The female Devils Hole Pupfish have a low fertility rate, and they can produce only four to five mature egg cells each breeding season. These mature egg cells (ova) represent 10%-20% of the total number of ova produced. It is said that during each spawn, an adult female only makes one single cell which is 1 mm in diameter. They have a low hacking rate, and also juveniles have a low survival rate. Individuals survive up to 10-14 months. Devils Hole Pupfish are seen less at the shelf when there is direct incoming sunlight, while if there is very little direct sunlight, then the number of fishes on the shelf increases.
Devils Hole is located in the Amargosa Desert ecosystem and is considered one of the hottest deserts. The Amargosa River is a part of the Devils Hole. Devils Hole is a water-filled cavern that extends to a hillside, with a depth of at least 130 m. Devils Hole is the smallest habitat in the world, consisting of an entire population of vertebrates.
The Devils Hole Pupfish are located at a depth of 24 metres and have a less number above 15 m. They are dependent on the shallow spawning and the diet, which consists of diatoms. Natural disturbances like earthquakes and floods can cause a disturbance to their ecosystem and even groundwater depletion due to agriculture irrigation.
According to researches, the annual population fluctuation of the Devils Hole Pupfish depends on the algae available in the shallow shelf, which is dependent upon the sunlight and nutrient level. The nutrients’ availability is at its top when the barn owls use the cave as a roosting or nesting site as their nutrient-rich pellets fall in the water.
The population surveys for the Devils Hole Pupfish started in 1972, using scuba divers to count the number of fish by diving up to 30m, while the researchers above measured the Devils Hole Pupfish on the shallow shelf. The population rate of the Pupfish from 1970 through 1996 was 324 pupfish while 1980, 1990 and 1995 recorded the highest count of Pupfish that was 541-548 individuals.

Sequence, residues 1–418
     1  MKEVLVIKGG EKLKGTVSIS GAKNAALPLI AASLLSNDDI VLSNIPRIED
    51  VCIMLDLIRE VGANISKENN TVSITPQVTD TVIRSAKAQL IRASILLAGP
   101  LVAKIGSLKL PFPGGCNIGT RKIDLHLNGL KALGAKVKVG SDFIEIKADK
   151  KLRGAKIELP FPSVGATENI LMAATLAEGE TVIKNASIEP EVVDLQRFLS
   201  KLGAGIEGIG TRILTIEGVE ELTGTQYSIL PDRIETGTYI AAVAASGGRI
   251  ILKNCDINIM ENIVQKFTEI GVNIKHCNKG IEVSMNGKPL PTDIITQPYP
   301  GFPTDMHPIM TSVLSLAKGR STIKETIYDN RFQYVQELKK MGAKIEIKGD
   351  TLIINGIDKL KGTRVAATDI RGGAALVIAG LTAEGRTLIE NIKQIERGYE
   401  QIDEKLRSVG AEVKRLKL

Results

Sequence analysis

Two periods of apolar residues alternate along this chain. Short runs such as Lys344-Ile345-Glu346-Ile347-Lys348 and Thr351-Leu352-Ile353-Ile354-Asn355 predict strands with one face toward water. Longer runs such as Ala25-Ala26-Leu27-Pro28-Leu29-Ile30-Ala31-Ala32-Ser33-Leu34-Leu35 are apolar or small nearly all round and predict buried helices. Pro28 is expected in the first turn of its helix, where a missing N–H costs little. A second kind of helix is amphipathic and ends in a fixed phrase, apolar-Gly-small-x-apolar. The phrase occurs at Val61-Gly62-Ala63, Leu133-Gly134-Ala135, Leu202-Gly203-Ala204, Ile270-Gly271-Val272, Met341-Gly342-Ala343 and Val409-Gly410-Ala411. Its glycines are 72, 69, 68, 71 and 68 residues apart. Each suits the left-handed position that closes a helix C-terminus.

From 2005 the count has been decreased and below 200 individuals but it keeps fluctuating due to seasons. Low growth of algae and other winter conditions cause spring populations to be 35% -65% of the autumn population. There is a 26%-33% chance of Devils Hole Pupfish going into extinction in the next twenty years, according to a 2014 study.
The divers counted only 84 individuals in the Devils Hole in November 2005, which was equal to the spring’s count, despite observations of egg-laying and juvenile fish during the summer. In 2007 the count was between 38 and 42. There was a sudden rise in the count of the Devils Hole Pupfish, which reached 126 in autumn in 2008, and it’s considered the first steady increase in the past ten years.
The U.S. Fish and Wildlife reported on 35 remaining in April 2013, but that increased to 92 after remeasuring in 2014. There were around 115 fish in the spring of 2016 and reached a count of 136 in 2019.
Millions of amount have been spent on conserving the Devils Hole Pupfish. There have been constructions many conservation facilities and programmes which have used millions of dollars. Due to the fear of extinction, several measures were taken in the 1960s and 1970s to increase the species. These measures were known as ex situ conservation. They also tried to transplant the fish to nearby natural springs, but the fish disappeared.
Several “refugia” of several concrete tanks with vague conditions like the Devils Hole were made for the survival of the fishes. To one’s surprise, the Hoover Dam Refugium for the Endangered Desert Fish was built in august 1972, holding only 27 Devils Hole Pupfish turned out to be a success as the number of the fishes grew into hundreds over the years with a sex ratio of 3 males per year. There were many such actions taken to ensure the growth of Pupfish.
They also limited the public access to the site with a locked gate after 1956. They also built an artificial shelf in 1970 inside Devils Hole Pupfish, which was actually never used by the fishes. In 2005 there was an increase in the number of larvae born but still, there was a decline in the population of the Pupfish in the following year.
Biologists started supplementing fish food due to the observations of poor health and malnourishment. The National Park Service added a barbed wire on the top of the fences surrounding the Devils Hole and installed motion sensors and video camera in 2016.